It's not quite the 1996 World Series. That's when the Atlanta Braves did the seemingly impossible by capturing the opening two games at the old Yankee Stadium before they did the improbable by losing in six games, with an assist from Jim Leyritz in Game 4.
Then again, it's slightly more shocking than it was in 1925, 1958, 1968, 1979 and 1985, when the Washington Senators, the Milwaukee Braves, the St. Louis Cardinals, the Baltimore Orioles and the Cardinals (again), respectively, blew 3-1 leads in the World Series.
Hold that thought for a moment. Now consider: It's only been a few days since the San Francisco Giants swept their way to the 2012 championship over the Tigers, and the bookmakers at Bovada in Las Vegas already have chosen their favorites to win it all next season.
Did they pick the Giants -- you know, because San Francisco has won the World Series twice in the past three seasons? Nope.
What about the always significant New York Yankees, especially because Derek Jeter is expected to recover nicely from his ankle injury, and Mariano Rivera's damaged knee may heal well enough to make the closer lean toward returning? Uh-uh.
Neither did the Las Vegas folks choose the rising Washington Nationals, nor a Texas Rangers bunch that will remain loaded and potent with or without former AL MVP Josh Hamilton.
It was the Tigers. Yes, the Tigers.
We're talking about the same Tigers who swept the Yankees out of the American League Championship Series with all of that power, led by possible AL MVP winner Miguel Cabrera and accomplished slugger Prince Fielder. The Tigers also had one of the pitchers of our generation named Justin Verlander, future Hall of Fame manager Jim Leyland and other mighty pieces.
But these are the same Tigers who vanished in a flash against a supposedly lesser Giants team.
It doesn't make sense. If these same Tigers are picked by Las Vegas to become the kings of baseball next season, they shouldn't have underachieved so much this season.
Instead, they barely won the AL Central despite entering the season as overwhelming favorites. Even though they found their groove down the stretch before cruising past the Oakland A's and the Yankees in the playoffs, they were no match for the Giants.
The Giants? The Giants.
"Obviously, there was no doubt about it," Leyland told reporters, referring to how the Giants handled his Tigers in all facets of the game along the way to clinching in Detroit on Sunday. "So there were certainly no bad breaks, no fluke. Simple. They did better than we did. It was freaky. I would have never guessed we would have swept the Yankees, and I would have never guessed the Giants would have swept us."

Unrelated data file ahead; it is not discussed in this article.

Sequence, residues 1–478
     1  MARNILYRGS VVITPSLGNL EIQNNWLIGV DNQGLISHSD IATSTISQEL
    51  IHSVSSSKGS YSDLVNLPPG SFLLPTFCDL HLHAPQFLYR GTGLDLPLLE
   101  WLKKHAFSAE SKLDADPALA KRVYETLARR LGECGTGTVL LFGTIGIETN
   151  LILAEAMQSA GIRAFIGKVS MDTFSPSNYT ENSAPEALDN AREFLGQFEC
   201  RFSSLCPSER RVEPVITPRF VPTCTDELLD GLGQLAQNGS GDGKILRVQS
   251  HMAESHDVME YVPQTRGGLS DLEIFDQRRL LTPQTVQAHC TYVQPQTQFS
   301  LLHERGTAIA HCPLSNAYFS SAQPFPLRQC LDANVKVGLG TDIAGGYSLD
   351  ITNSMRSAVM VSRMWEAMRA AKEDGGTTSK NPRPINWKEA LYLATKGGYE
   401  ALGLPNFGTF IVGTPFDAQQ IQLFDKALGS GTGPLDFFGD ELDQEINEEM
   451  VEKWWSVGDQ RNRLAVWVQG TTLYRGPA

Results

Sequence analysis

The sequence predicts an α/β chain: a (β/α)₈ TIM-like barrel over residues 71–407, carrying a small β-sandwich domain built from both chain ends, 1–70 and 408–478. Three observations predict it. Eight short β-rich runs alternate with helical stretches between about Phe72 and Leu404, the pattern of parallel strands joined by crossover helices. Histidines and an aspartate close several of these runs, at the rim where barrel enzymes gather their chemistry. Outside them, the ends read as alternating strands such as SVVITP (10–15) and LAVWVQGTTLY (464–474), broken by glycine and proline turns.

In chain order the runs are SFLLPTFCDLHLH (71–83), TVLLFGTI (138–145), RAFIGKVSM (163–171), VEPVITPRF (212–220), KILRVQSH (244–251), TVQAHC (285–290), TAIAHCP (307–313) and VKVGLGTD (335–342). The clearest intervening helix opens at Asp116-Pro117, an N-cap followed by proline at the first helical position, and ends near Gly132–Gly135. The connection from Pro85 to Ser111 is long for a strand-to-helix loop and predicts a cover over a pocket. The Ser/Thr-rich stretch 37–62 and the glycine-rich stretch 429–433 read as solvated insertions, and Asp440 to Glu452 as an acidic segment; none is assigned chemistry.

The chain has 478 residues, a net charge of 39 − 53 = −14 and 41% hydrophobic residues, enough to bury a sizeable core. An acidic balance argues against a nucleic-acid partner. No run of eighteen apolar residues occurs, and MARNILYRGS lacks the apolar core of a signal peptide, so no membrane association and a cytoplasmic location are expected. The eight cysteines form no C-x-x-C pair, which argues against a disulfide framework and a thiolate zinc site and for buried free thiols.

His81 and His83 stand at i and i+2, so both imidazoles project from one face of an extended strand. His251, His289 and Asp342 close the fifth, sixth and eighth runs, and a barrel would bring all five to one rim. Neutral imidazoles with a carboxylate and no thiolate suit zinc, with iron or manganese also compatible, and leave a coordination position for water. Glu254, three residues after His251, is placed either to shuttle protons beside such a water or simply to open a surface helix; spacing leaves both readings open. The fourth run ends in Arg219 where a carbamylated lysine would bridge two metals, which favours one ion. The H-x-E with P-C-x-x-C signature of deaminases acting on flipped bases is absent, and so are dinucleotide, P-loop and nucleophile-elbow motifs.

This was the epitome of a World Series flop, all right.
No question, the Giants' pitching was solid from April through September, and after a little tweaking, it became even better with every passing week in October.
But .159? That was the Tigers' batting average during the World Series, and this was even more disturbing around Michigan: Fielder went from hitting .313 with 30 home runs and 108 RBIs during the regular season to spending the World Series going 1-for-14 (.071) with no RBIs.
"This is not about me. It's about the team," Fielder told reporters afterward, with Cabrera adding, "I think we never found our confidence at home plate. It was not the same game we played. We could not find our game in the World Series."
Cabrera, by the way, gave the Tigers their first and only lead of the entire World Series -- in the third inning ... of the final game. That's when he ripped a two-run homer.
As for the Tigers' pitching, it finished third in the AL with a 3.75 ERA during the regular season but it had a 4.11 ERA against the Giants. It didn't help the Tigers' cause that, during Verlander's only start, he allowed six hits and five earned runs in four innings.
The 1969 Baltimore Orioles can relate to it all.
Next to those 1996 Braves, those 1969 Orioles were the biggest floppers ever during the World Series.
I'm sure you've heard the other side of this, which is the story of the Amazin' Mets. Just like that, they sprinted from nowhere to win the World Series with a young Tom Seaver joining others to make a dandy pitching staff. They had help from the miracle catches of outfielders Tommie Agee, Cleon Jones and Ron Swoboda.
They also had help from the Orioles.
No way those Orioles were supposed to lose the World Series with the Hall-of-Fame likes of the two Robinsons (Frank and Brooks), Jim Palmer and Earl Weaver. They had perennial All-Stars elsewhere, from Boog Powell and Davey Johnson to Mark Belanger and Paul Blair.
Not only did those Orioles lose, they did so in five games.
At least the 1986 Red Sox lasted seven games. The Buckner gaffe happened in Game 6, which meant the Red Sox still had a chance to recover.
Just like the Texas Rangers could have rebounded last year against the St. Louis Cardinals in Game 7 of the World Series after watching their opponent consistently return from the dead in Game 6.
But to get swept out of the World Series? With all that talent? Despite facing the Giants as heavily favorites?
Maybe the 2012 Tigers do rival the 1996 Braves.
Terence Moore is a columnist for MLB.com. This story was not subject to the approval of Major League Baseball or its clubs.